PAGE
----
Beachy-clean at Denyse Wharf

June 11, 2013 Kevin Keating
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On Sunday June 2, about 80 people gathered for a beach clean-up at Denyse Wharf under the Verrazano Bridge.

Students from Fort Hamilton High School and Kingsborough Community College, members of the Harbor Seal Swim Team, and their parents, joined forces with local activist and teacher Thomas Greene and the Friends of Denyse Wharf to participate in the beach clean-up, which has been taking place for over 15 years now.

The traditional clean-up at Denyse Wharf takes place twice a year, usually in October and June, on the beach located under the Verrazano Bridge on Fort Hamilton Army Base property.

“This year we expanded the clean-up to include water testing and environmental stewardship,” Greene said.

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He explained how the kids took water samples for quality testing, and did oyster measurements.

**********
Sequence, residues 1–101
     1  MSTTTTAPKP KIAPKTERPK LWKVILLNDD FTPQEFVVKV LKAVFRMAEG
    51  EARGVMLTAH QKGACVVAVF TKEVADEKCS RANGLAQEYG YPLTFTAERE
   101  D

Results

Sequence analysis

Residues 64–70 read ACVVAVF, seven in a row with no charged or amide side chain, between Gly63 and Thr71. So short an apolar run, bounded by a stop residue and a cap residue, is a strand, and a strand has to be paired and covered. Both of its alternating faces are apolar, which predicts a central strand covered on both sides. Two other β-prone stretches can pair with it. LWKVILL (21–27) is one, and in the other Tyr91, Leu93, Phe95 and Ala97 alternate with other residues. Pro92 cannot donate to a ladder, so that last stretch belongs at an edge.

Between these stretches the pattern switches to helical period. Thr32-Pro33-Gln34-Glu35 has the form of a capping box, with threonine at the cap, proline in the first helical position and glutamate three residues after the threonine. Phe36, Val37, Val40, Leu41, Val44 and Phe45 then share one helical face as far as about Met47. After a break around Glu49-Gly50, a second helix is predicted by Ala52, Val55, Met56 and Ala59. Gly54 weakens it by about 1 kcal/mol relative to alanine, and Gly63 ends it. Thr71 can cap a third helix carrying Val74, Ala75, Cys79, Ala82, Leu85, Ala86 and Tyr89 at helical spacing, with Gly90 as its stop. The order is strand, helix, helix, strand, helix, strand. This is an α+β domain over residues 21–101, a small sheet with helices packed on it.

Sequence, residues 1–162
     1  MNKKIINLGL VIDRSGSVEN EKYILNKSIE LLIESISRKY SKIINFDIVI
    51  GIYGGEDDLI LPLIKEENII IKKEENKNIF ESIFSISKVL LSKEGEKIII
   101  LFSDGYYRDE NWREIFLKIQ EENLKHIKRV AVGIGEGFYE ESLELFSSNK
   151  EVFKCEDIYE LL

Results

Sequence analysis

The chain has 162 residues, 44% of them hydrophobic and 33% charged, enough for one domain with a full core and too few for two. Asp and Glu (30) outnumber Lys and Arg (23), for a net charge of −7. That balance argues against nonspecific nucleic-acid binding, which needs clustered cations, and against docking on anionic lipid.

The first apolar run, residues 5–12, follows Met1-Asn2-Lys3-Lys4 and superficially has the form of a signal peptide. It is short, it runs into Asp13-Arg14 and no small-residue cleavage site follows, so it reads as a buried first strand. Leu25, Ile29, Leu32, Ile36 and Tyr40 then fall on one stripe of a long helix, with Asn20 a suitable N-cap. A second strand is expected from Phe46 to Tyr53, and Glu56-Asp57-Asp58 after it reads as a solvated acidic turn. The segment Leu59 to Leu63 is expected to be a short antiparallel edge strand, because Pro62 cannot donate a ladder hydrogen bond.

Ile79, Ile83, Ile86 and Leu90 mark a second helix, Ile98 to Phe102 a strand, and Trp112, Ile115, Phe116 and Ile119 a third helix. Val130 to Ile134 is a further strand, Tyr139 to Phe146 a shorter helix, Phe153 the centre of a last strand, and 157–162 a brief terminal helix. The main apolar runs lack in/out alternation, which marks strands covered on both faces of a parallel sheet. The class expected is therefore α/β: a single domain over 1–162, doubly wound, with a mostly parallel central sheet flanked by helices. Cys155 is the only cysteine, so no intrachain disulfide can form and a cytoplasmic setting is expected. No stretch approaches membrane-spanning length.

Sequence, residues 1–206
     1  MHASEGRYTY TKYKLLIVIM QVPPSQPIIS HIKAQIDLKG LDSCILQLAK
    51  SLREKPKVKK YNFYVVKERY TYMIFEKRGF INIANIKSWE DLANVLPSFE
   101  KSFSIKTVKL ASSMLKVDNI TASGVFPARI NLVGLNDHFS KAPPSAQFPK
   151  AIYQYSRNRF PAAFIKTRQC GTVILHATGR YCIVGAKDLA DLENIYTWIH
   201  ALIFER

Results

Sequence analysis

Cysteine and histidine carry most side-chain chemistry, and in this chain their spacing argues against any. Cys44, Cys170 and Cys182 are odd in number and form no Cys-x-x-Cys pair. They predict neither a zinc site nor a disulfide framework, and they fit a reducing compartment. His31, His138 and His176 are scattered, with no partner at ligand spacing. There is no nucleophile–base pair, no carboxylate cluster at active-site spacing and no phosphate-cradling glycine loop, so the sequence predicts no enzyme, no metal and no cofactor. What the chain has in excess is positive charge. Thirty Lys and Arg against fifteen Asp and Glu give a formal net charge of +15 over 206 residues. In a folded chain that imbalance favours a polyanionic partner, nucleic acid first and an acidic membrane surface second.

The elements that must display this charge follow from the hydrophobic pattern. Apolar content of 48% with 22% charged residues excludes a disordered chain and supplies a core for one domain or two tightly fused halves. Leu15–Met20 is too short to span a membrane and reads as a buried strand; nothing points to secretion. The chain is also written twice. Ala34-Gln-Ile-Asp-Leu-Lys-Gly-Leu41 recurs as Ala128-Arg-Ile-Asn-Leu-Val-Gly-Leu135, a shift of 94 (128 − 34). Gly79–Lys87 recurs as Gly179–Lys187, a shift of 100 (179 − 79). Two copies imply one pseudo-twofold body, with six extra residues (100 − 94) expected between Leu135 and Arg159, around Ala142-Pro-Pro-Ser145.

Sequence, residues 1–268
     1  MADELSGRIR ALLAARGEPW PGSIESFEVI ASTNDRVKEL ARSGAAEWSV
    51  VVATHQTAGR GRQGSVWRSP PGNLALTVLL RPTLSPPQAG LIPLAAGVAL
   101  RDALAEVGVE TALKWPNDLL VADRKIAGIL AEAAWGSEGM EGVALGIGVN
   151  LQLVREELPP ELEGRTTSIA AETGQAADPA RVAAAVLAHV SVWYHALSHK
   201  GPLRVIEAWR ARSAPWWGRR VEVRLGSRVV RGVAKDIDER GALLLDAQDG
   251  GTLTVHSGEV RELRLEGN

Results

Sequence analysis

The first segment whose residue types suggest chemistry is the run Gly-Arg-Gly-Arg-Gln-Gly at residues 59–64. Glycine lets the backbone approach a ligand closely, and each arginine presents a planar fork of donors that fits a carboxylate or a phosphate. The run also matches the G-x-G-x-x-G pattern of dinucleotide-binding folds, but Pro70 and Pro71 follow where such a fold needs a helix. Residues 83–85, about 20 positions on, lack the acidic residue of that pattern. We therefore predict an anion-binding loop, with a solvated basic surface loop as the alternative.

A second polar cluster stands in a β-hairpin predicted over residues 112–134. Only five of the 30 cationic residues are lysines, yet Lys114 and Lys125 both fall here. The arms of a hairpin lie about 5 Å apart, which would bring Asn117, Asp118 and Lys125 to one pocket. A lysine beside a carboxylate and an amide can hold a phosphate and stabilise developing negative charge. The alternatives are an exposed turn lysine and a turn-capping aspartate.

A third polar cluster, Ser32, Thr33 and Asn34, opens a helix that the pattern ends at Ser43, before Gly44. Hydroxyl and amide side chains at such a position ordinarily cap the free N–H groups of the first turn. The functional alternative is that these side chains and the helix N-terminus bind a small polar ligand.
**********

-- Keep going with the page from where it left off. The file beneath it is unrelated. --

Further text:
“With the armies approval we would like to create an oyster garden in the cove, but we’re working on that,” said Greene.

Along with that, the children had the opportunity to kayak in the shallow protected cove along the sea wall, while under the supervision of lifeguards provided by the Bay Ridge Aquatics Institute.

After filling the dumpster provided by the Department of Environmental Protection with debris and garbage, every student that participated received a community service certificate.

However, the event was not just to clean the beach and give local students a taste of marine biology, but also to support efforts to establish an Environmental Science Center there. Since 2001 the Friends of Denyse Wharf, with support of local officials, have been striving to get the Department of Education to approve the proposal, but the DOE continues to find reasons to deem it unfit, Greene contended.

Greene explained how valuable an Environmental Science Center at the wharf could be to the community. He said it would serve elementary and middle schools that do not have labs of their own, and students all throughout Brooklyn and Staten Island would have access to it. From a financial standpoint it would save the city millions of dollars in real estate costs, being that the site is owned by the Army, which would lease the property to the City of New York for $1 a year.

Greene said that the Friends of Denyse Wharf would continue to fight for the proposed Environmental Science Center’s approval.


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